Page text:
Every so often we come across something that is so visually compelling and tells a story so impeccably without text to narrate and guide the viewer that it transports us deep into its fictional world and takes hold of our emotions. The Pilot's Melancholy is one of those rare photo projects that masters the art of powerful storytelling through pictures.
The series presents strong science fictional themes as clearly seen through our protagonist and lone subject's elaborate costume that is reminiscent of many films with intergalactic exploration story lines, including Stanley Kubrick's 2001: A Space Odyssey. There are also great similarities to Duncan Jones' Moon, in which we follow a solitary character throughout the film. There is an inherent loneliness associated with this process of introducing only one subject on seemingly foreign lands. Like in Moon, the loneliness in this series translates through each image of this man on vast, empty lands.
At first, it isn't clear whether he has found another planet, seeking life forms similar to ours, or has returned to his home planet Earth to find that civilization has disappeared in his absence. Upon finding two freely roaming horses, one can assume the latter. There, one begins to wonder "What happened?" and "Where is everyone?" Like a man undergoing an existential crisis, we see the pilot lie on his back, staring up at the sky, curling into a fetal position, wandering aimlessly, and running frantically in desperate pursuit of some answers. Ultimately, the pilot, too, disappears.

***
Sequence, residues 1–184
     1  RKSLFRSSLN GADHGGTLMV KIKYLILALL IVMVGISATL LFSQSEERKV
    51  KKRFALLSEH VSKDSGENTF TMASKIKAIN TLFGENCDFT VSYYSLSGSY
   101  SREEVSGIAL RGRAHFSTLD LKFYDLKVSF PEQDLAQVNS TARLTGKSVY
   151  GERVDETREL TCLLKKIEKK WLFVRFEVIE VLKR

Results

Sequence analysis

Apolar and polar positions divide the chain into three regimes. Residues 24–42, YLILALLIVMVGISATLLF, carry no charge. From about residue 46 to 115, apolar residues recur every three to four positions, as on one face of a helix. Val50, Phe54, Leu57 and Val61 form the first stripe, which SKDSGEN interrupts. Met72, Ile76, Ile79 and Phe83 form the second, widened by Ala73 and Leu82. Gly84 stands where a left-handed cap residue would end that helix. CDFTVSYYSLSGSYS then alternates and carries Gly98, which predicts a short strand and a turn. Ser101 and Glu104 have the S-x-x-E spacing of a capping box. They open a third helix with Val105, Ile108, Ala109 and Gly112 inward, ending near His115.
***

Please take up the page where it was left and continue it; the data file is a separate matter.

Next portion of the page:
Polish photographer Dominik Smialowski made this project with Joanna Pawłowska without whom the photographer says "there would be no pilot." The creative collaboration is certainly one to see in its entirety. Be sure to check out the photographer's website for all of the images in this cinematic series.
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